American Heritage® Dictionary of the English Language, Fourth Edition
- adj. Of or relating to a category of poetry that expresses subjective thoughts and feelings, often in a songlike style or form.
- adj. Relating to or constituting a poem in this category, such as a sonnet or an ode.
- adj. Of or relating to a writer of poems in this category.
- adj. Lyrical.
- adj. Music Having a singing voice of light volume and modest range.
- adj. Music Of, relating to, or being musical drama, especially opera: the lyric stage.
- adj. Music Having a pleasing succession of sounds; melodious.
- adj. Music Of or relating to the lyre or harp.
- adj. Music Appropriate for accompaniment by the lyre.
- n. A lyric poem.
- n. Music The words of a song. Often used in the plural.
Century Dictionary and Cyclopedia
- Pertaining or adapted to the lyre or harp; fit to be sung to an accompaniment; hence, pertaining to or characteristic of song; suggestive of music or song.
- Writing for or as if for the lyre, or with musical effect; composing songs, or poems of a song-like character: as, a lyric poet.
- n. A composer of lyric poems.
- n. A lyric composition or poem.
- n. A verse of the kind commonly used in lyric poetry.
- To sing in a lyrical way.
- adj. poetry Of, or relating to a type of poetry (such as a sonnet or ode) that expresses subjective thoughts and feelings, often in a songlike style
- adj. Of, or relating to a writer of such poetry
- adj. lyrical
- adj. Having a light singing voice of modest range
- adj. Of, or relating to musical drama and opera
- adj. melodious
- adj. Of, or relating to the lyre (or sometimes the harp)
- n. A lyric poem.
- n. also in plural The words of a song or other vocal music. The singular form often refers to a part of the words, whereas the plural form can refer to all of the words.
GNU Webster's 1913
- adj. Of or pertaining to a lyre or harp.
- adj. Fitted to be sung to the lyre appropriate for song; suitable for or suggestive of singing; -- of music or poetry.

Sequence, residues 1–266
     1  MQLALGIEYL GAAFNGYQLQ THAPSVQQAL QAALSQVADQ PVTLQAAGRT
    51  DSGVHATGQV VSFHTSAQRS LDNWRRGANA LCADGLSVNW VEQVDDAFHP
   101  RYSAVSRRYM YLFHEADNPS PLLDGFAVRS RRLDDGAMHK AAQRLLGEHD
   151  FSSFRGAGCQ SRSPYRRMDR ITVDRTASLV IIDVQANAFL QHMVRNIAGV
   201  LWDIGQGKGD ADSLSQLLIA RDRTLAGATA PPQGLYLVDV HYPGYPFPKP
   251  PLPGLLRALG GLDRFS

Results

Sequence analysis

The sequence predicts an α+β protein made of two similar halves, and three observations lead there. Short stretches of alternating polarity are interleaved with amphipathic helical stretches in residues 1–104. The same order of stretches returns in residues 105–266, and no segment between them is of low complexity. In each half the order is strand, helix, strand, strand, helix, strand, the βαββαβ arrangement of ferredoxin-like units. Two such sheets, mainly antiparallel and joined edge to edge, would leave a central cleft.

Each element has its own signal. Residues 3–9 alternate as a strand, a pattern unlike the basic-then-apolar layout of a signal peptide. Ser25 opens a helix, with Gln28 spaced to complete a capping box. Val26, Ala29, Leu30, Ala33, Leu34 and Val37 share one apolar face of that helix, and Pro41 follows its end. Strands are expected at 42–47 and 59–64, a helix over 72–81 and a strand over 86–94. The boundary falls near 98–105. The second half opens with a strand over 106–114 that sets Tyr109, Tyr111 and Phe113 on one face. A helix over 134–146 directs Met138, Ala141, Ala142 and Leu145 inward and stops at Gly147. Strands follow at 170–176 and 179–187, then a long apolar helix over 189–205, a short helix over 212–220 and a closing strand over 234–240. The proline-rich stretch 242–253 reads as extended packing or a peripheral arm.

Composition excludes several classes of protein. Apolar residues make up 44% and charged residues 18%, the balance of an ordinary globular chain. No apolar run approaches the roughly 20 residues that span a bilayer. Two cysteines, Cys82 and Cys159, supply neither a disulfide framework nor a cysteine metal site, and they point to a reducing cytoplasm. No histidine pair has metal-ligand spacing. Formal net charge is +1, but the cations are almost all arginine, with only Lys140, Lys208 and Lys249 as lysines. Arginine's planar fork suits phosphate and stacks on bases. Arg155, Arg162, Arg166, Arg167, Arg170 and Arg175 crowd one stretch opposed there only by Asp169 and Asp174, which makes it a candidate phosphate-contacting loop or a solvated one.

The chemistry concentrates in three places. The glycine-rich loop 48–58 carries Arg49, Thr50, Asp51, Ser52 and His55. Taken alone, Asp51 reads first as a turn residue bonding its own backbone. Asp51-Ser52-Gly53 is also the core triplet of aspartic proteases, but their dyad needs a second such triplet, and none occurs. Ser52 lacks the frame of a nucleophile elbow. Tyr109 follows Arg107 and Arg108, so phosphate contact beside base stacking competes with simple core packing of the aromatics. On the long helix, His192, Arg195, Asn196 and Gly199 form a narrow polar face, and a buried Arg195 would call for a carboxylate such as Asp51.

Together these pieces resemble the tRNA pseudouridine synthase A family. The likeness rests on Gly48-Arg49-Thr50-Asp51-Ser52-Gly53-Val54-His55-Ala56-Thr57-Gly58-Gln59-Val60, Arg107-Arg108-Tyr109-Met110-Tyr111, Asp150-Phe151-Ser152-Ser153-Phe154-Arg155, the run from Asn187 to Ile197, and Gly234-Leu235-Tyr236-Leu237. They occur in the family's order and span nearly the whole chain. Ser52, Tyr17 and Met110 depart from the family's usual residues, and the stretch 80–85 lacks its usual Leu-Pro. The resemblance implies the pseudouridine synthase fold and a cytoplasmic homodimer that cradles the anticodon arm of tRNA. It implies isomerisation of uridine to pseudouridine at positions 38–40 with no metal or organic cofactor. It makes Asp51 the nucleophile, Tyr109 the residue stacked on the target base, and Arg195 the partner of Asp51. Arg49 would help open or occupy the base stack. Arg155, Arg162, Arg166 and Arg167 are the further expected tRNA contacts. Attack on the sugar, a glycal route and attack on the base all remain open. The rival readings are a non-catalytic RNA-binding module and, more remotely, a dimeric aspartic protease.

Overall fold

- adj. expressing deep personal emotion; -- said especially of poetry which expresses the individual emotions of the poet.
- n. A lyric poem; a lyrical composition.
- n. rare A composer of lyric poems.
- n. A verse of the kind usually employed in lyric poetry; -- used chiefly in the
- n. The words of a song.
- n. a short poem of songlike quality
- adj. expressing deep emotion
- n. the text of a popular song or musical-comedy number
- adj. of or relating to a category of poetry that expresses emotion (often in a songlike way)
- adj. used of a singer or singing voice that is light in volume and modest in range
- adj. relating to or being musical drama
- v. write lyrics for (a song)
- From French lyrique, or its source, Latin lyricus, from Ancient Greek λυρικός, from λύρα ("lyre"). (Wiktionary)
- French lyrique, of a lyre, from Old French, from Latin lyricus, from Greek lurikos, from lura, lyre. (American Heritage® Dictionary of the English Language, Fourth Edition)
“Each time she sang the title lyric, Zachy belted out "YES!”
“I have not interpreted the term lyric so rigidly as to exclude sonnets, ballads, elegiac verse, or even pieces of almost pure description.”
“Dear God, I hate myself" - the title lyric of the title track of”
“Set opener "Comin 'Home" instantaneously grabbed the attention of the audience, as Green and his electric guitar eased gently into a warmingly bluesy repetition of the title lyric”
“The title lyric itself was misheard as "use your imagination.”
“Jim Croce played Lothario in the title lyric to "Time In a Bottle," only to be misheard as the far less romantic "Mime in a brothel.”
“Part-time Encinitas resident, the late George Harrison, had his title lyric to Got My Mind Set On You misheard as "Oh God, my mom sat on you.”
“But since it is most commonly found by itself in short poems which we call lyric, we may say that the characteristic of the lyric is that it is the product of the pure poetic energy unassociated with other energies, and that lyric and poetry are synonymous terms.”
“As it was with metre and metaphor and description, so it was also with the indefinable something which we call lyric quality: the something which sings to our soul, and which sends a thrill of delight through our nerves or a gust of emotion across our nature in the same direct way as do the notes of certain voices, the phrases of certain pieces of music: instantaneously, unreasoningly and unerringly.”
These user-created lists contain the word ‘lyric’.
My big word list.
Words that have been used as baby names, including virtue names, nature names, place names, etc.
The title is an actual name given to a Puritan boy in the 17th century.
Words ending in ic, tic or nic.
afternoon delight, almost unreal, full of spark, dazzle n daze, alarming stride, rushing tide, double dagger, in the nude, constant pressure, widow maker, bourbon on the rocks, air fare holme and 311 more...
...all my favorite words...
In response to Wilfred J. Funk's "ten most beautiful words in the English language" list of 1932.
A general collection of the sort of words that make me happy when I hear or read them in everyday conversation and writing.
Looking for tweets for lyric.